BRIEF SUMMARY OF THE INVENTION
It is desirable to provide a method of generating a two-level pattern for lithographic processing by multiple beamlets with improved performance in respect of one or more of the issues discussed above. For this reason, the invention provides a method of generating a two-level pattern according to claim 1.
In an embodiment, the pixmap comprises an array of pixel cells. Within the array of pixel cells a multi-level (i.e. more than two levels) value is assigned to each pixel cell.
In an embodiment of the invention, providing multi-level values to pixel cells may be based on relative coverage of the vector-format pattern by the respective pixel cell. Alternatively or additionally, providing multi-level values to pixel cells may be based on dose level values of the vector format pattern.
In embodiments of the invention, the vector-format pattern may be a two-level pattern, i.e. it may be formed by two-level values.
The invention further relates to a computer readable medium for performing, when executed by a processor, embodiments of such a method.
The invention further relates to a pattern generator comprising: an input for receiving a pattern in vector format; a processing unit for performing a method of generating a two-level pattern for lithographic processing as described above; and an output for supplying the two-level pattern. The pattern generator may further comprise a memory for storing a pattern in pixmap format, the memory being communicatively coupled to the processing unit.
The invention further relates to a charged particle multi-beamlet system for exposing a target using a plurality of beamlets, the system comprising: a beamlet modulation system for modulating the plurality of beamlets so as to form an exposure pattern; a projection system for projecting the modulated beamlets on to the surface of the target; a deflector array for deflecting the plurality of beamlets in a first direction; a substrate support member for supporting the target to be exposed; a control unit arranged to coordinate relative movement between the substrate support member and the plurality of beamlets in a second direction and movement of the group of beamlets in the first direction such that the target can be exposed in accordance with an array of pixel cells; wherein the charged-particle multi-beamlet system further comprises a beamlet pattern generator as described above.
In an embodiment, the projection system comprises an array of projection lens systems. In a further embodiment, the plurality of beamlets is arranged in groups of beamlets, and each projection lens system corresponds with a group of beamlets.
Finally, the invention further relates to a lithographic system comprising: a preprocessing unit; a charged particle multi-beamlet system for exposing a target using a plurality of beamlets in accordance with a two-level pattern; wherein the preprocessing unit comprises a beamlet pattern generator as described above.
BRIEF DESCRIPTION OF THE DRAWINGS
Various aspects of the invention will be further explained with reference to embodiments shown in the drawings wherein:
FIG. 1 is a simplified schematic overview of an example of a charged particle multi beamlet lithography system;
FIG. 2 is a simplified schematic overview, in side view, of an end module of the lithography system of FIG. 1;
FIG. 3 illustrates an example of a charged particle multi beamlet lithography system with groups of patterned beamlets;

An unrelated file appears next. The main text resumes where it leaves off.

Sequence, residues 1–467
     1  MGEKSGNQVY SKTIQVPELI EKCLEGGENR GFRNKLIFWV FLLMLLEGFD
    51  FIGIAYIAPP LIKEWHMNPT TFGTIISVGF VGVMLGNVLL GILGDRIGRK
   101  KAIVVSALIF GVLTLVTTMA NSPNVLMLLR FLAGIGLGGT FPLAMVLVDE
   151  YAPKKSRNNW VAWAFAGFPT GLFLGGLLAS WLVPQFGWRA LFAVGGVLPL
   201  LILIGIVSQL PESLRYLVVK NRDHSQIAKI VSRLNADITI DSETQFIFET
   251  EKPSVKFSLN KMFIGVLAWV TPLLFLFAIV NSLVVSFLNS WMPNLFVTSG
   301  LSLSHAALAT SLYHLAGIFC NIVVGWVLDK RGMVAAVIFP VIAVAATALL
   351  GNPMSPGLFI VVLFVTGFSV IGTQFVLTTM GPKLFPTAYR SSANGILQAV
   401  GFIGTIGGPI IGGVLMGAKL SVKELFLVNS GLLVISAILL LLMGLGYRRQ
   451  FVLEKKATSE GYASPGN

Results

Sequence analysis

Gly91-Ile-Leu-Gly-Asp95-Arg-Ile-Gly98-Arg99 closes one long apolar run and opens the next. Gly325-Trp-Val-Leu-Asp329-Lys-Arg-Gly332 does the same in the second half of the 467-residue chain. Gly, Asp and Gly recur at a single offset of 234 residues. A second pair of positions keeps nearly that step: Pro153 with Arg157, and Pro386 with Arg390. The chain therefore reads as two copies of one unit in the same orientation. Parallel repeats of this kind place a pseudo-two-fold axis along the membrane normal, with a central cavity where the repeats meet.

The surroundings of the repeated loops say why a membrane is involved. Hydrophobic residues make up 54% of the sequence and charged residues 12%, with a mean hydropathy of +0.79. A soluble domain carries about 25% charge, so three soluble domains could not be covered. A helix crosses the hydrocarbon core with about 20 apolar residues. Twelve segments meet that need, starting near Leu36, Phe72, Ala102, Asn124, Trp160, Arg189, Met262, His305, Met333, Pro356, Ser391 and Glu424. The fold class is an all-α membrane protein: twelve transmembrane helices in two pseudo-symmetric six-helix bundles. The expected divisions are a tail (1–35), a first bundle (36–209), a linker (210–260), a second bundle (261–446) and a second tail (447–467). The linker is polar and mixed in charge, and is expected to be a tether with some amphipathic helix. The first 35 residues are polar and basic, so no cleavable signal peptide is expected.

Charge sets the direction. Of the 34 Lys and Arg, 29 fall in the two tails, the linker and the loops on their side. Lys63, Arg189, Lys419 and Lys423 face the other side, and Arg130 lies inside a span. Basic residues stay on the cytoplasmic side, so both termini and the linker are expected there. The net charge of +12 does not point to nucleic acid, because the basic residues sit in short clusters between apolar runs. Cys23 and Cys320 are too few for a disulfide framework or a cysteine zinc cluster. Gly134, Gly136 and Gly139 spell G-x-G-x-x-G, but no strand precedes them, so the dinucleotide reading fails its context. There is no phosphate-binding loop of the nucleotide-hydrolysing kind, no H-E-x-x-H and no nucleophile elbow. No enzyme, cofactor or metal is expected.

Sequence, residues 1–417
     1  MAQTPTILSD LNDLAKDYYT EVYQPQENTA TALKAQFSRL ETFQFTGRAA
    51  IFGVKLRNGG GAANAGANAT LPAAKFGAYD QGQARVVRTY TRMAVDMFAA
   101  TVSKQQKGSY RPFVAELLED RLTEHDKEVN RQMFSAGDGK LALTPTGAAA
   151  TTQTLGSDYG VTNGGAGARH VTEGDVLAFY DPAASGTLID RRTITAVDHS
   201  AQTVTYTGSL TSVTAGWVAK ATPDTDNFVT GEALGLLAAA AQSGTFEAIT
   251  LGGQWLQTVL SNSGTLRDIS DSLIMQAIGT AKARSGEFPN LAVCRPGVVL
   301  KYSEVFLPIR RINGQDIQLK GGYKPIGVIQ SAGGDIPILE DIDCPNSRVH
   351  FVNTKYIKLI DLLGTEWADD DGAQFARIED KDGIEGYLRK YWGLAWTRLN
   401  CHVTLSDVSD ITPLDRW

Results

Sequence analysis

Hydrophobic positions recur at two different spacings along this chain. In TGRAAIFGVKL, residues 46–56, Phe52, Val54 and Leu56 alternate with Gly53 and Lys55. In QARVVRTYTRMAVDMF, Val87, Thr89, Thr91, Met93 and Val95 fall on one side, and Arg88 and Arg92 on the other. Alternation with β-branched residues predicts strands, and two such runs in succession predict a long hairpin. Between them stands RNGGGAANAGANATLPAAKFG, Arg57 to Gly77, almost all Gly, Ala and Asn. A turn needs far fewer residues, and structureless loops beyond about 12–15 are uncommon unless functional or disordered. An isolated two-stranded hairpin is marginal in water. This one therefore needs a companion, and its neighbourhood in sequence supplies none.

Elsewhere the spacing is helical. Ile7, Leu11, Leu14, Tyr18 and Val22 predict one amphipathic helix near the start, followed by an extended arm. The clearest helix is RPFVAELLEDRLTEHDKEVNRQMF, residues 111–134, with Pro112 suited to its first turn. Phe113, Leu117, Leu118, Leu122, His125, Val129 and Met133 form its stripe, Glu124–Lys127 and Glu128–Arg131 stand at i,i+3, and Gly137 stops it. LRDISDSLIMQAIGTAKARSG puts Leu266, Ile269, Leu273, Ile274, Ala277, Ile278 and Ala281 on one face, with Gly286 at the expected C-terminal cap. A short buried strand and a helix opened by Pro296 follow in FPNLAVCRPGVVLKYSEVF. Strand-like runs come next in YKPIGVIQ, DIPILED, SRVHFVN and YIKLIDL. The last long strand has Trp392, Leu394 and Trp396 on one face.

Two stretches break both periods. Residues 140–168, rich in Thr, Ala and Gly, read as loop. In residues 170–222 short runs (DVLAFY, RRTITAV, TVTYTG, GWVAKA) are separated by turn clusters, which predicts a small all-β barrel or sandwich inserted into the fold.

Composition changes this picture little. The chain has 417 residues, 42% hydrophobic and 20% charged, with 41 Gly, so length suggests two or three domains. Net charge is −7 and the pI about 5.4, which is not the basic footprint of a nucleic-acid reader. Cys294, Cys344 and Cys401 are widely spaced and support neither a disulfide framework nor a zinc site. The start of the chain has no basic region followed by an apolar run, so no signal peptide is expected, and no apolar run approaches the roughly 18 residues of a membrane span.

FIGS. 4A, 4B schematically illustrate the concept of forming a multi-level pattern;
FIGS. 5A, 5B schematically illustrate two different trajectories for evaluation of a multi-level pattern by means of error diffusion;
FIGS. 6A, 6B schematically illustrates a result of applying one-dimensional evaluation of a multi-level pattern ;
FIGS. 7A, 7B schematically illustrate a result of applying one-dimensional evaluation of a multi-level pattern according to an embodiment of the present invention;
FIGS. 8A, 8B schematically illustrate different types of kernels that may be applied in two-dimensional error diffusion applied on a multi-level pattern according to embodiments of the invention;
FIGS. 9A, 9B schematically illustrate the concept of a no-shift condition;
FIG. 10 schematically illustrates a data path of a multi-beamlet lithographic apparatus.
DESCRIPTION OF ILLUSTRATIVE EMBODIMENTS
The following is a description of various embodiments of the invention, given by way of example only and with reference to the drawings.
FIG. 1 shows a simplified schematic drawing of an embodiment of a charged particle multi-beamlet lithography system based upon an electron beam optical system without a common cross-over of all the electron beamlets. Such lithography systems are described for example in U.S. Patent Nos. 6,897,458
assigned to the owner of the present invention.
In the embodiment shown in FIG. 1, the lithography system comprises an electron source 1
for producing a homogeneous, expanding electron beam 20
. Beam energy is preferably maintained relatively low in the range of about 1 to 10 keV. To achieve this, the acceleration voltage is preferably low, the electron source preferably kept at between about -1 to -10 kV with respect to the target at ground potential, although other settings may also be used.
The electron beam 20
from the electron source 1
passes a double octopole 2
and subsequently a collimator lens 3
for collimating the electron beam 20
. Subsequently, the electron beam 20
impinges on an aperture array 4
, which blocks part of the beam and allows a plurality of beamlets 21
to pass through the aperture array 4
. The aperture array preferably comprises a plate having through holes. Thus, a plurality of parallel electron beamlets 21